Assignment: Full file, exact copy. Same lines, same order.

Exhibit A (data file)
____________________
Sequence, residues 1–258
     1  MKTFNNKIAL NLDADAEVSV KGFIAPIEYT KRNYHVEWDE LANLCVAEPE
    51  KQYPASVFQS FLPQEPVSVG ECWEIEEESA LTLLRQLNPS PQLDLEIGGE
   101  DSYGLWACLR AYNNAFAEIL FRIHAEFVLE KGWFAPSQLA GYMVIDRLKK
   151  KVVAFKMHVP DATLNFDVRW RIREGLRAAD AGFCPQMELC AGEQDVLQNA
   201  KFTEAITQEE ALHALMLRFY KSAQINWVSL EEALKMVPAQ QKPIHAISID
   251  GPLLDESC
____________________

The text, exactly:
Sequence, residues 1–258
     1  MKTFNNKIAL NLDADAEVSV KGFIAPIEYT KRNYHVEWDE LANLCVAEPE
    51  KQYPASVFQS FLPQEPVSVG ECWEIEEESA LTLLRQLNPS PQLDLEIGGE
   101  DSYGLWACLR AYNNAFAEIL FRIHAEFVLE KGWFAPSQLA GYMVIDRLKK
   151  KVVAFKMHVP DATLNFDVRW RIREGLRAAD AGFCPQMELC AGEQDVLQNA
   201  KFTEAITQEE ALHALMLRFY KSAQINWVSL EEALKMVPAQ QKPIHAISID
   251  GPLLDESC